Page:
# Return on Assets (ROA)

Return on asset (ROA) measures how profitable entity’s assets are. It determines how much income or profit is generated for each dollar invested in entity’s assets. As this ratio compares the return generated by the investment, it a simple method to analyse how efficient the investment is generating cash inflows. Return on asset is also known as return on investment (ROI) or return on total assets.

Return on asset ratio is commonly calculated using the following formula:

 Return on Asset (ROA) = Relevant returns Average total assets

Above is more of a generic ratio in which relevant returns can either be of the following:

1. net profit
2. profit after tax
3. Profit after tax + Tax adjust interest expense
4. Operating income or Profit before interest and tax (PBIT)

Its up to management or the user of information to decide which income type should be used. For ordinary shareholder the relevant income can be profit after tax as it is only this amount of return available to him generated by entity’s assets. In this case formula can be:

 Return on Asset (ROA) = Profit after tax Average total assets

For management on the other hand, the relevant income can be operating profit as they would be interested in return generated by the assets for entity’s shareholders and debt holders. The formula in this case will be:

 Return on Asset (ROA) = Operating profits Average total assets

The better yet can be profit after tax plus tax adjusted interest expense as entity would like to know returns generated by assets for both shareholders and debt holders. We are adding profit after tax and tax adjusted interest expense as management has bought entity’s assets from funds give by shareholders (that earn dividend thus profit after tax) and lenders, bond holders (that earn interest thus interest expense).

 Return on Asset (ROA) = Profit after tax + [Interest expense x (1-tax rate%) Average total assets

It is important however, that whatever method is used to calculate ROA it must be used on consistent basis. As switching from one method to the other may cause distortion in the results. For example using operating profits instead of profit after tax may result in higher ROA.

This ratio needs information from income statement and statement of financial position. Income related figures are taken from income statement whereas for average total calculation, we need current and prior year’s total assets figure or in other words opening and cloing total assets. Formula for average total asset calculation is:

 Average total assets = Total assets ending last year + Total assets ending current year 2

#### Analysis and Interpretation

As mentioned earlier, ROA measures the profit generated for each dollar of investment in assets therefore, higher the ratio the better it is. ROA ratio can improve if either or both:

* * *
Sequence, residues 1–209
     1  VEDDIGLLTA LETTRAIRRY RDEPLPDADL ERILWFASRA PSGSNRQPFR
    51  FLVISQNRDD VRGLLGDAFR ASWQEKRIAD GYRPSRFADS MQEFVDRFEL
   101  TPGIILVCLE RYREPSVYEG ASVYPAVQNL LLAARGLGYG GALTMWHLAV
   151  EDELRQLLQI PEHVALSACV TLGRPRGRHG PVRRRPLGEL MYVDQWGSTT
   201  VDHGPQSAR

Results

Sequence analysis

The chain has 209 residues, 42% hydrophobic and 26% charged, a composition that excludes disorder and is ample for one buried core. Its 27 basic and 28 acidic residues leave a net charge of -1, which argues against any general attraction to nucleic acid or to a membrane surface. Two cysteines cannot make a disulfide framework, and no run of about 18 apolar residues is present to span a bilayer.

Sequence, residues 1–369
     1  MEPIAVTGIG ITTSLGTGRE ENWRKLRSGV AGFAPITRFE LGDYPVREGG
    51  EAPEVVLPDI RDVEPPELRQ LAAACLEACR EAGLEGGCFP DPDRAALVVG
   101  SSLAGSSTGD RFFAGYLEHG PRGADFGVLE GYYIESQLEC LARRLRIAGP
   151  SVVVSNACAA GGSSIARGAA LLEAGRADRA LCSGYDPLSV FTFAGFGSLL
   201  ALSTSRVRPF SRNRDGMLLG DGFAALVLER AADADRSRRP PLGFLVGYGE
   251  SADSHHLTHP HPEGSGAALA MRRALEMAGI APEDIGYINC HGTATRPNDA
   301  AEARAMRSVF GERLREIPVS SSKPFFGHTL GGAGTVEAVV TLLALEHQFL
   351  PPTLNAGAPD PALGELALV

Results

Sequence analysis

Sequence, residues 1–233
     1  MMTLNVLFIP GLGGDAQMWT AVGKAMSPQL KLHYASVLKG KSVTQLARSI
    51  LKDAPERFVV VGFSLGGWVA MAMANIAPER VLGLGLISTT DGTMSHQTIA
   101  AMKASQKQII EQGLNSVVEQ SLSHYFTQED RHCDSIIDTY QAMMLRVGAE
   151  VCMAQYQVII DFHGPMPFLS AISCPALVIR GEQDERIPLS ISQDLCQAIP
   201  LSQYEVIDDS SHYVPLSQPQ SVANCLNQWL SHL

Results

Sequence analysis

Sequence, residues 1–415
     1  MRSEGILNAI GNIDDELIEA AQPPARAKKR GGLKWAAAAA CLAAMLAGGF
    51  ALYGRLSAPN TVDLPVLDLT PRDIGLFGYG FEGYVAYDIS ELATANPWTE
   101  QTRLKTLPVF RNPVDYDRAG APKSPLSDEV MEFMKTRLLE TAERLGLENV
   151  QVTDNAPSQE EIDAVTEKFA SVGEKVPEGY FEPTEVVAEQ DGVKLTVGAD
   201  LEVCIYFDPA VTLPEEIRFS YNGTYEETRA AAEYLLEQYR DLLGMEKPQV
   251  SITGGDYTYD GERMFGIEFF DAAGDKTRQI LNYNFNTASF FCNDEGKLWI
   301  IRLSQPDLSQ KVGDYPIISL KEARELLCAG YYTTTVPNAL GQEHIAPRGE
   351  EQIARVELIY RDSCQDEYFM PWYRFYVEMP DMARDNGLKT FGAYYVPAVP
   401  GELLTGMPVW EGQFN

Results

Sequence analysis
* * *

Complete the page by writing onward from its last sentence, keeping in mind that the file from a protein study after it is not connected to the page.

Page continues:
1. relevant income used for ratio increases
2. Average total assets decrease

Increasing ROA means that entity is able to exploit its assets better. It also means that management is efficient in managing the resources available at its disposal and able to generate more cash flows with lesser or same capital invested.

Entity’s profits can increase by lower the expense burden or increase the overall revenue of the entity. If entity is able to generated higher income, it will be most probably translate in higher ROA. Most notable strategy is to lower entity’s gearing which will lower the interest expense burden on profits. This is one of the reasons why entities may prefer raising finance by issuing additional shares instead of issuing debt instruments.

Emphasizing again that even switching from profit after tax to operating profits figures for ROA purposes may result in higher ROA even if denominator stays the same. That is why entities must stay consistent with factors used for ROA metric.

Decreasing total assets of entity is probably an extreme measure as it is hardly the case if entity would sell assets just to improve ROA. However, selling inactive assets, switching to leased assets under operating lease or shifting to activities that are less asset intensive will certainly reduce overall assets and may cause increased ROA.

However, better ROA as a result of reducing assets may be an unfavourable sign for entity. For example, if entity’s assets lose value as a result of impairment or revaluation, it may for the time being improve ROA but its an indication that entity is relying on obsolete assets and soon its profitability can suffer. Therefore, users must be cautious and keep an eye on other relevant factors too as in this case its actually the opposite what ROA is supposed to tell.